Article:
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Anaphylaxis to Polyvinylpyrrolidone in Povidone-Iodine for Impetigo Contagiosum in a Boy with Atopic DermatitisYoshida K.a, b · Sakurai Y.a · Kawahara S.c · Takeda T.a · Ishikawa T.b · Murakami T.b · Yoshioka A.a
aDepartment of Pediatrics, Nara Medical University School of Medicine, Kashihara, bDepartment of Pediatrics, Nara City Hospital, Nara, and cDepartment of Pediatrics, Oyodo Hospital, Yoshino, Japan
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Article / Publication Details
Background: Povidone-iodine (PVP-I) is widely used in antiseptic agents. Immediate allergic reaction to PVP-I preparations is very rare and often overlooked, as it is difficult to diagnose. Polyvinylpyrrolidone (PVP) is thought to play a role in the underlying mechanism. We examined the usefulness of the histamine release test (HRT) for definite diagnosis of PVP allergy. Method: A 9-year-old boy with eosinophilia (1,500/µl) and elevated total IgE (1,376 IU/ml) was suspected clinically of having a PVP allergy, as he had anaphylaxis twice when he was administered a PVP-I solution for impetigo contagiosum. Skin prick tests (SPTs) were performed with a PVP-I solution, PVP (K30), gentamicin sulfate and 2 other medicines containing PVP. HRT was assessed using peripheral blood basophils. Results: SPTs to PVP-I solution, PVP-K30 and other medicines were all negative. Histamine release was observed on stimulation by PVP in the presence of autologous serum, although it was not observed in the absence of autologous serum. Conclusions: This observation was in line with the clinical findings that anaphylaxis had not developed despite the long use of PVP-I solution, but developed only when he received PVP-I solution treatment where basophils could contact PVP-I in the presence of serum, which was probably due to a broken skin and vessel condition. Furthermore, our results suggest the usefulness of HRT in the diagnosis of PVP allergy, and the possibility that negative SPT does not entirely rule out PVP allergy.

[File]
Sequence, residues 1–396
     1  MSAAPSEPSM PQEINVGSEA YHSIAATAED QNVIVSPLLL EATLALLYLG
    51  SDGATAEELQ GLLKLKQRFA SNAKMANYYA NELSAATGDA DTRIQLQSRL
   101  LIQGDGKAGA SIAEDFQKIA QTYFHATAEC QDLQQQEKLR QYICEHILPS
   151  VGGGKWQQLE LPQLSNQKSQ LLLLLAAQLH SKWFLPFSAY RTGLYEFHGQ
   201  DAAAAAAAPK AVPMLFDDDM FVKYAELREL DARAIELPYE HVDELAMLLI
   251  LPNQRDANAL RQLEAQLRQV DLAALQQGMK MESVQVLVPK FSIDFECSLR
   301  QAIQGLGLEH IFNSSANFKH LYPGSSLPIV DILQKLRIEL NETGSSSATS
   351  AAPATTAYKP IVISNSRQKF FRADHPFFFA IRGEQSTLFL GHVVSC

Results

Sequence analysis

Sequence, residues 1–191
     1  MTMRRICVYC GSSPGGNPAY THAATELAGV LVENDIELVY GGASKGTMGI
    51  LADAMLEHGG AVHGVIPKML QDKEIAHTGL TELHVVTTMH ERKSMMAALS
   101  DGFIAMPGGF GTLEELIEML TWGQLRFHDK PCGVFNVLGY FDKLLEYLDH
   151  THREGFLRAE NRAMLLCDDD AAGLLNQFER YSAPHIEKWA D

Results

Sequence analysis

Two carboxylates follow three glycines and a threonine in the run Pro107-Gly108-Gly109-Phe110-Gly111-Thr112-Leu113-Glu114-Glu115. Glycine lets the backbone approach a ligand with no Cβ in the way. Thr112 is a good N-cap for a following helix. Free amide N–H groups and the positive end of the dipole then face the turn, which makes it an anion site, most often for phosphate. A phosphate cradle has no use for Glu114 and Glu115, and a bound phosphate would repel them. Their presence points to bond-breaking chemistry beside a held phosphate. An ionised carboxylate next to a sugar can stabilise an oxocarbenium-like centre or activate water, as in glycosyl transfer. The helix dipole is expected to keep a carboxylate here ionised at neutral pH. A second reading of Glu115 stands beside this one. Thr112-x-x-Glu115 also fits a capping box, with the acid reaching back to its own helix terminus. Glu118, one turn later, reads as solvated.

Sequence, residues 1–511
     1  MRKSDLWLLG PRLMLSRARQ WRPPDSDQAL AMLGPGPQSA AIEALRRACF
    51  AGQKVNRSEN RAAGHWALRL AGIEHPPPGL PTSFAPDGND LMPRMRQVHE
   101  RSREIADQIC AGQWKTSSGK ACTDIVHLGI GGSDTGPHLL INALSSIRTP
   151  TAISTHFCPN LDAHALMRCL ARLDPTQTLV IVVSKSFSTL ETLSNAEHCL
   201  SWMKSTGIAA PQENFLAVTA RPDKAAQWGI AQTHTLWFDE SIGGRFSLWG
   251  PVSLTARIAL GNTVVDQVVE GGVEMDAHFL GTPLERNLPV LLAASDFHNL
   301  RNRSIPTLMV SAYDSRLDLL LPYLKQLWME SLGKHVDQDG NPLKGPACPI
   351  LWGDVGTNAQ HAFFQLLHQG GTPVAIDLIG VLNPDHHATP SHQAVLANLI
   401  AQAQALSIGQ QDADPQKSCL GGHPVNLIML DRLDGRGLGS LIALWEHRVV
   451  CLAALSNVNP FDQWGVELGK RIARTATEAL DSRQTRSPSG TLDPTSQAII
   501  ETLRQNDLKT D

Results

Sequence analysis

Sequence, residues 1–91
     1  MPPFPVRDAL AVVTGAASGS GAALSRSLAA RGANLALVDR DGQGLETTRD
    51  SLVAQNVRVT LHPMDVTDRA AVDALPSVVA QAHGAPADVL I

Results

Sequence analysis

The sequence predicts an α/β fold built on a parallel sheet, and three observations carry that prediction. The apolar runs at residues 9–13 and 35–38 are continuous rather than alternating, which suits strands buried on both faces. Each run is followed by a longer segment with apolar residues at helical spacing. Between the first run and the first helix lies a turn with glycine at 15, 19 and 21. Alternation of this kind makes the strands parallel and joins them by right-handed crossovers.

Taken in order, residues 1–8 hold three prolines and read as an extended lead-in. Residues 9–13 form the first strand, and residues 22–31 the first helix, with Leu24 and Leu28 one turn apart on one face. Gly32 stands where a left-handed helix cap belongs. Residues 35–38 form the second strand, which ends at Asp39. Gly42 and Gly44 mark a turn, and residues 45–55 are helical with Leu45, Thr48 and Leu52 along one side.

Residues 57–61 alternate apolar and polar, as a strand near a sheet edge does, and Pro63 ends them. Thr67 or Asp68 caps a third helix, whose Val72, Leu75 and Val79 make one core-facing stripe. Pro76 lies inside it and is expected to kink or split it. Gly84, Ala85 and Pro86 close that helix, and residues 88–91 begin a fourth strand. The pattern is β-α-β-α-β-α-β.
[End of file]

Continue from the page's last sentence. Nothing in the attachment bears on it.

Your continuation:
© 2008 S. Karger AG, Basel
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